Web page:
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What Residents Of NYC's Little Haiti Think About The Killing Of Haiti's President

MARY LOUISE KELLY, HOST:

There is a section of Brooklyn, N.Y., known as Little Haiti. Jon Kalish headed to the neighborhood to find out how residents there are reacting to news of the assassination.

JON KALISH, BYLINE: There were no visible signs of mourning on Nostrand Avenue, the main drag of Little Haiti. Many of the Haitians I approached, like Wilner Altidor, said they didn't really know what happened in their homeland this week.

WILNER ALTIDOR: We don't know what's going on. We're waiting to know. But there's so many news coming, and that's what we're waiting for. We're here in the United States, but we don't even know what's going on in Haiti.

KALISH: Many of the bars and restaurants were closed because of the pandemic, but there were two barbershops open and filled with customers.

The first one I entered is owned by Patrick Coby.

PATRICK COBY: It is about time for me, for the population, that's suffering a lot because of his term, because of the way he's leading the country. I wish I could buy a wine to drink. So I'm happy because of what happened to him. That's not mean that I'm not human, but too much killing down there. He didn't say anything about it.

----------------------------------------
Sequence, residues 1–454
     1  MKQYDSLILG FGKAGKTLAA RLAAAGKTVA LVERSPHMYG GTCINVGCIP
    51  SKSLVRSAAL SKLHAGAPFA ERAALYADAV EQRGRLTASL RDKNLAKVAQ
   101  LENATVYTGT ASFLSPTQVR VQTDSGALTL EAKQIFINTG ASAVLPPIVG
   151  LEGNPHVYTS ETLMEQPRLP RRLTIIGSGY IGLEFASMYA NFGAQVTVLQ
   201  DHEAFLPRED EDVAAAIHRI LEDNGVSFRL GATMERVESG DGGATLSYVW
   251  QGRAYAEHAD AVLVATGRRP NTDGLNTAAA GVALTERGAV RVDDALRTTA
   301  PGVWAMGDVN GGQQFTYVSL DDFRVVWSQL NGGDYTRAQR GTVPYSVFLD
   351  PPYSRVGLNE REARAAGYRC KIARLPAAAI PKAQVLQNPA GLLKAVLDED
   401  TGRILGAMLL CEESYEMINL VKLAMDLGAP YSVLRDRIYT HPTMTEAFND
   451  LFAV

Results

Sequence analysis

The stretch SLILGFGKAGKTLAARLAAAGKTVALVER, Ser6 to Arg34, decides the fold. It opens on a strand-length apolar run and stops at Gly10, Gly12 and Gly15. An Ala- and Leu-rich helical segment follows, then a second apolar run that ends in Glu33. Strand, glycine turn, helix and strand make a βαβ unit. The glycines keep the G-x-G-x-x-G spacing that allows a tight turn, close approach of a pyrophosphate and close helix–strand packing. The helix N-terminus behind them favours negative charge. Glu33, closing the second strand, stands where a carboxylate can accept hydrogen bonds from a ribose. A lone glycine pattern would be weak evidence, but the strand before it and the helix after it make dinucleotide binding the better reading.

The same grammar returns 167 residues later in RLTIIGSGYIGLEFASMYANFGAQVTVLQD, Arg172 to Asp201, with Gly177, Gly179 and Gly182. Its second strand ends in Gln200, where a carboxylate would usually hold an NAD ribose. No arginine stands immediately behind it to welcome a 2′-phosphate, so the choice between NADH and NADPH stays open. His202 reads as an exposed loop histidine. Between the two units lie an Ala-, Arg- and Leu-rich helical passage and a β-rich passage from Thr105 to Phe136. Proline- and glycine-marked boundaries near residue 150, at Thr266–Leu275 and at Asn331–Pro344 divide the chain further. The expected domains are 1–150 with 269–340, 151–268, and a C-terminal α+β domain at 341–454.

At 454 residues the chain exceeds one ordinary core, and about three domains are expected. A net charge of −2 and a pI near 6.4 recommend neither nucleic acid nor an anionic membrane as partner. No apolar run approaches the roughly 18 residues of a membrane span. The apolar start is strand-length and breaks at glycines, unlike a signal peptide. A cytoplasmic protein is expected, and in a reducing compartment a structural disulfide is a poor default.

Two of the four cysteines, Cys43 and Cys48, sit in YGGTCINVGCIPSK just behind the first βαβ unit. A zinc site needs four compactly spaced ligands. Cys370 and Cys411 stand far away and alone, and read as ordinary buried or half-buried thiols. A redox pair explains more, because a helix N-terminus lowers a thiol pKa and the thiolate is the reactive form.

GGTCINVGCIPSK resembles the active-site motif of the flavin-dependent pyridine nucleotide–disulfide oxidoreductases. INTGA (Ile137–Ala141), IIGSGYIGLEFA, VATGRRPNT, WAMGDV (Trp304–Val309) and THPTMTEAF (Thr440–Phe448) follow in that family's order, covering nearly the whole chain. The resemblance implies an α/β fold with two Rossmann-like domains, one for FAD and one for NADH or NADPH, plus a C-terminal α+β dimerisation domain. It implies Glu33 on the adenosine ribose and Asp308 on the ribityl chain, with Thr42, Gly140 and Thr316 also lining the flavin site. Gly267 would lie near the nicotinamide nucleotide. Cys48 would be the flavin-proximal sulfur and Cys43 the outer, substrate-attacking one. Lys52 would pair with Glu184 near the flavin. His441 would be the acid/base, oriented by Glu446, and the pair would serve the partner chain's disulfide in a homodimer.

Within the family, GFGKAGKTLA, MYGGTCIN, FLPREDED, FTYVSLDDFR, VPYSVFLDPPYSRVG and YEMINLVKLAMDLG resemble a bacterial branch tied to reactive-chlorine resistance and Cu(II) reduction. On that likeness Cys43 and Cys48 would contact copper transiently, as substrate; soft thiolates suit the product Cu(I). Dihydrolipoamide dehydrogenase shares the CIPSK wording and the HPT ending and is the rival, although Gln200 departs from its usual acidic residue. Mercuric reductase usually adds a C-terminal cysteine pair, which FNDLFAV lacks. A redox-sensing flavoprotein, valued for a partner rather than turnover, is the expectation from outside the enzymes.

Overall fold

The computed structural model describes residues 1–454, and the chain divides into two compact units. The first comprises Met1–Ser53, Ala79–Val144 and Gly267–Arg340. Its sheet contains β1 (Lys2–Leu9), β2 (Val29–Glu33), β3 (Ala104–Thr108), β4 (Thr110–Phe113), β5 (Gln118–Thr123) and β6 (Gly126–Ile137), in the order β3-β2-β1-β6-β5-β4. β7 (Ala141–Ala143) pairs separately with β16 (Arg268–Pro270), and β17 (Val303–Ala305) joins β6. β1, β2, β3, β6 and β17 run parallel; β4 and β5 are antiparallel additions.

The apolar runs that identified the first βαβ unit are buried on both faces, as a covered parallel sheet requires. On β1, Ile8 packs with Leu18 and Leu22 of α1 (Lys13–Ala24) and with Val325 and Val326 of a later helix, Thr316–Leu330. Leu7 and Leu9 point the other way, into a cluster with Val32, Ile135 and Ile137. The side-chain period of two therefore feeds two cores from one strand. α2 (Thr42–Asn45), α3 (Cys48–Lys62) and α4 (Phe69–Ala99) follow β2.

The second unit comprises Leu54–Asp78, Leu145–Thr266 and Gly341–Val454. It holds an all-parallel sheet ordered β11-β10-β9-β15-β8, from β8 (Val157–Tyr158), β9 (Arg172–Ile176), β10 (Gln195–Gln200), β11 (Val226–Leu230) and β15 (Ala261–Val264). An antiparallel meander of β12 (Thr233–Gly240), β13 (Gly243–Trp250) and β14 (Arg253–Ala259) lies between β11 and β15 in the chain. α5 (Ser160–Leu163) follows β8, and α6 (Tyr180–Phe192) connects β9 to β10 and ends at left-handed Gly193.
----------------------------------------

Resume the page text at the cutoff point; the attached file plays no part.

KALISH: Some of the Haitians I spoke to said they were here for decades and were used to tragedies from the island.

Joe Stevenson called the assassination of President Moise a cowardly act.

JOE STEVENSON: It's messed up. Whoever did it needs to pay for it. Whether you like him or not, you don't do that. Let him - you know, let him work out his term. And if you guys got to make changes, you got to make changes. But as far as assassinating him, nobody deserves that.

KALISH: Sitting in his SUV, a man who declined to give me his last name said he has been in the U.S. for 48 years, and even though he referred to Haiti as my country, he said he had become inured to the continuing tragedy there.

For NPR News, I'm Jon Kalish in New York. Transcript provided by NPR, Copyright NPR.

Jon Kalish

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